Former Washington favorite Ahmed Chalabi's Justice and Accountability Commission in January banned several influential Sunni leaders from taking part in March parliamentary elections because of alleged ties to the outlawed Baath Party of Saddam Hussein.
Iraqi Vice President Iyad Allawi, a secular Shiite and former Baathist from the 1950s, said the Chalabi campaign is no different from the heavy-handed tactics of the Saddam era in Iraq.
Kamel al-Zaydi, a provincial leader in Baghdad, said his officials launched a local JAC to examine the leadership for possible links to the Baath Party, the Iraqi analytical Web site Niqash reports.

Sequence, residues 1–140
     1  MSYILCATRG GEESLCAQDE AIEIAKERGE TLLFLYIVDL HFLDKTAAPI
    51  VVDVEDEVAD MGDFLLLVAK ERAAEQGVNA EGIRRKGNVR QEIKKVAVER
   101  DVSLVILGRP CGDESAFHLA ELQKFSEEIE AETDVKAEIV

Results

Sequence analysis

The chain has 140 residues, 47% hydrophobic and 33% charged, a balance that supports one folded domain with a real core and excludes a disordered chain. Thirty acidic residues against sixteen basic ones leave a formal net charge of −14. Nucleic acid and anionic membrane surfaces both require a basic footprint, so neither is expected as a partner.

"The committee will file lawsuits against Baathists accused of crimes according to complaints and will submit proofs and evidences to convict those Baathists," said Zaydi.
Anti-Baathist sentiment in Iraq escalated last year when Iraqi Prime Minister Nouri al-Maliki blamed Baath Party loyalists in Damascus for a string of bombings in downtown Baghdad.
In the Shiite south, meanwhile, provincial leaders examined the records of civil servants in an attempt to purge Baathists from the local government.
Washington expressed concern that the de-Baathification effort is a sign of a growing Iranian influence in Iraq, though officials said the matter is largely an internal affair.
Handler slams Piers Morgan: 'You're a terrible interviewer'
Beautician charged with giving client fatal silicone butt injection